It’s hard not to wonder what my life might have been like these last few years if I hadn’t been fighting off this illness. What experiences might I have had, what would it have been like to not miss out on so many things. What does saying ‘yes’ more than you say ‘no’ to life feel like?

The cavalcade of ‘what if’s can be a bitter pill to swallow, and when I’m feeling a bit jaded I try to recall all the positive things I’ve learned over the past few years. The life skills and knowledge that the drastic highs and lows have given me, which I’ll have forever now. The path towards a better place that I’m on, which I may have taken years longer to stumble onto had the depression road block not forced me to stop and re-evaluate my life.

At the end of the day all the missed gigs, dates, holidays, parties and work opportunities in the world aren’t as important as your health.

Depression, all I really have to say to you today, is this. Let’s make a deal. If you give me my health and my life back, then we’ll forget about the last few years. All the great times you made me miss out on? Don’t even mention it. We’re cool. If you scuttle on out of my life forever, and let me start making some new memories, I’ll let you off the hook.

It’s OK to be an ostrich, sometimes

ostrich

Recently I’ve been having some problems with a friend. The issue was trivial, my reaction astronomical. It turns out that when you’re feeling fragile, no matter how aware you are of your colossal over-reaction to a situation, it’s really difficult to slow down the stress train.

I won’t go into microscopic detail but essentially I feel like one of my close friends isn’t being overwhelmingly sympathetic to my current poor health. Then when I dropped out of a music festival the two of us were going to this Saturday her reaction was less ‘I’m sorry you’re feeling shitty, how can I help?’ and more ‘Are you going to refund me for my ticket if I can’t find someone else to go with?’

I was upset, to put it mildly. Adrenaline coursed through my veins, there were some tears and I felt so stressed and hysterical I had to spend most of the next day in bed spooning a hot water bottle and watching crap TV. A ridiculous reaction to something that, although a little upsetting, wasn’t an impending apocalypse. For me, selfishness is one of the most abhorrent qualities a person can possess, but I’m also aware my friend has her own problems and she probably didn’t mean to act like a dick.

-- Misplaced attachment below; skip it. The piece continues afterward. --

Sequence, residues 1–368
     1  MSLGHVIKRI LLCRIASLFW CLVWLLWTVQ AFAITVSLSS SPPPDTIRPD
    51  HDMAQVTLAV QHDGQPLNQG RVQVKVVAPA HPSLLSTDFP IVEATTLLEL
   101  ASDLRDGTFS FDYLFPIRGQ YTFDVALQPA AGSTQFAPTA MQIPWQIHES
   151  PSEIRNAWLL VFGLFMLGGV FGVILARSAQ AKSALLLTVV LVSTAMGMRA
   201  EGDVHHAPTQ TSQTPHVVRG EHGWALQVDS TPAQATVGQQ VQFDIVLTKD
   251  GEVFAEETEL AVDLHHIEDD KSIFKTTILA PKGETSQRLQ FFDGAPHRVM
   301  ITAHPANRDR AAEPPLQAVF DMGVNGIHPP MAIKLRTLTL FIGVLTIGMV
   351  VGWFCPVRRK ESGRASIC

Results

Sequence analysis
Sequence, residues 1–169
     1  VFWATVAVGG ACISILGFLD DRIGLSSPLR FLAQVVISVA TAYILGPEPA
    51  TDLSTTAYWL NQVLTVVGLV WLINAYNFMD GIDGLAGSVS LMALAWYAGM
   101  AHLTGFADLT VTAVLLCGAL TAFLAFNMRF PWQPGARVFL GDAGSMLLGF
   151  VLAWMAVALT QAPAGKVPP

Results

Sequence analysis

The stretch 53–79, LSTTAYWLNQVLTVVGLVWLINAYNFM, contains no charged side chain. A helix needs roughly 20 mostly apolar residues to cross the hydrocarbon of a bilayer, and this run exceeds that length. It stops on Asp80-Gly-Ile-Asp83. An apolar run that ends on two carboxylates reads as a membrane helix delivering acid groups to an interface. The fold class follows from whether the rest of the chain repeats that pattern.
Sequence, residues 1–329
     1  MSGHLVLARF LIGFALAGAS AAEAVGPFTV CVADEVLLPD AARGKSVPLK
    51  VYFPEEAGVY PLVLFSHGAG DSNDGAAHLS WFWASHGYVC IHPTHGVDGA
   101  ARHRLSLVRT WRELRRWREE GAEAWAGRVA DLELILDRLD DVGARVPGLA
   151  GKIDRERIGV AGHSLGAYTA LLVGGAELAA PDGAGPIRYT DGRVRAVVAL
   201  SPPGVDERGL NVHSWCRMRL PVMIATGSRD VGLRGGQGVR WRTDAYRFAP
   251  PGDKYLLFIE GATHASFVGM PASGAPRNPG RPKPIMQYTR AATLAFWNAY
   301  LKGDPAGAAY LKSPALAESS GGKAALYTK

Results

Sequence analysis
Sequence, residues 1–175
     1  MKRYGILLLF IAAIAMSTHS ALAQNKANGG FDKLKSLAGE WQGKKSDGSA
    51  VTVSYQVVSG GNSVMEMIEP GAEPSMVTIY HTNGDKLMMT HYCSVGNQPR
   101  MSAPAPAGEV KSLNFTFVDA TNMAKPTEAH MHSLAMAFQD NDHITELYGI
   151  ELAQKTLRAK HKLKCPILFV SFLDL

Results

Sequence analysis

My mother had some words of wisdom to impart. “Sometimes, Claire, it’s OK to be an ostrich,” she said.

“An ostrich? What?”

Turns out she meant it in terms of burying your head in the sand. Stepping away from an issue, not even attempting to deal with it until a later date. Sometimes when you’re not strong, the wisest thing to do is walk away. I don’t feel like this situation has been resolved, there’s still a lot to say, many Britney Spears ‘Toxic’ lyrics to be quoted, but now isn’t the time for any of that. Now is the time to make like an ostrich.

So that’s what I’m going to do, and I feel pretty good about it. Who knows, I might even be able to save a friendship this way.

Coming out of the depression closet

public speaking

“You should be writing about your experiences in the Guardian or something. You know, show people it’s nothing to be ashamed of…” a friend said to me recently.

I nodded. “Yeah. Maybe in a few months. Think I’ll just do the anonymous blogging thing for now though.”

Putting your name to an illness like depression is brave, courageous and generally bloody awesome. It shouldn’t have to be, but thanks to prevailing bad attitudes and stigma towards mental health, it is. Considering the Victorians thought depression in women was down to the ‘wandering womb‘, we’ve certainly come a long way in terms of how society views the depressed and anxious. If only curing my affliction was as simple as shrieking ‘Wench! Back in your box!’ at my nomadic uterus.

Campaigns like Time to Change and the wealth of celebrities speaking out about their experience of mental illness are doing brilliant things to oil the wheels of change when it comes to stigma. But there’s still a lot of work to do.

It’s definitely important not to hide your illness in the shadows. Talking about it helps and self shame and stigma only serve to reinforce society’s misunderstanding of depression. I do believe that those who have experienced a walk with the black dog are the ones who can truly debunk and stamp out unhelpful depression myths.

But often while we’re fighting the good fight we forget about the people behind the illnesses. And that reluctance to go public with your problems isn’t always indicative of shame. Depression and anxiety are physiological conditions in the same way heart disease and broken bones are. But they’re more personal. 

People have very different ways of dealing with their emotions – some will reveal their problems to all friends, colleagues, bus drivers and woodlice within a ten mile radius, whereas others (me) are more private and need a bit of time and space to crawl out of the hole and heal first. Explaining what it’s like to go through depression to those that know you can be cathartic, and of course helps dispel mental health misconceptions, but it’s also exhausting.

Which is why the people that matter to me know what I’m going through, but everyone else is none the wiser. It’s why I’ll be writing about my experiences here, but I won’t be revealing my full name.

As long as I’m still in poor health and vulnerable, I plan on burying my head in the sand just a little bit longer. And I think that’s alright. Just as it’s OK to tell the world you have a mental illness, if you’re not ready it’s also OK not to.

Waiting room woes

GP stress

You really have to feel for GP receptionists. With sweeping healthcare cuts and a ballooning population, especially in London, they face more disgruntled patients than ever before. I should know, I’m one of them.

“Four weeks? I have to wait FOUR WEEKS for an appointment?!” I found myself hopelessly bleating across the desk of my local surgery recently. The tired looking receptionist held my gaze with a mixture of exasperation and sympathy.